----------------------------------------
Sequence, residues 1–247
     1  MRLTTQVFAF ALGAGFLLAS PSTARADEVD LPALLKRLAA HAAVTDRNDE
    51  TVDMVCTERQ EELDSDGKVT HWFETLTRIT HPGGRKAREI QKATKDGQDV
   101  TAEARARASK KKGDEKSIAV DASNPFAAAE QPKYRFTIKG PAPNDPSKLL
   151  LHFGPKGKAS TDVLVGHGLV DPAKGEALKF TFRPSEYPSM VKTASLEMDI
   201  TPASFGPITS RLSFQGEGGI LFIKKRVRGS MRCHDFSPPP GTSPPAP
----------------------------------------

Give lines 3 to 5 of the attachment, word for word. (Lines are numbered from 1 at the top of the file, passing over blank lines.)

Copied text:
    51  TVDMVCTERQ EELDSDGKVT HWFETLTRIT HPGGRKAREI QKATKDGQDV
   101  TAEARARASK KKGDEKSIAV DASNPFAAAE QPKYRFTIKG PAPNDPSKLL
   151  LHFGPKGKAS TDVLVGHGLV DPAKGEALKF TFRPSEYPSM VKTASLEMDI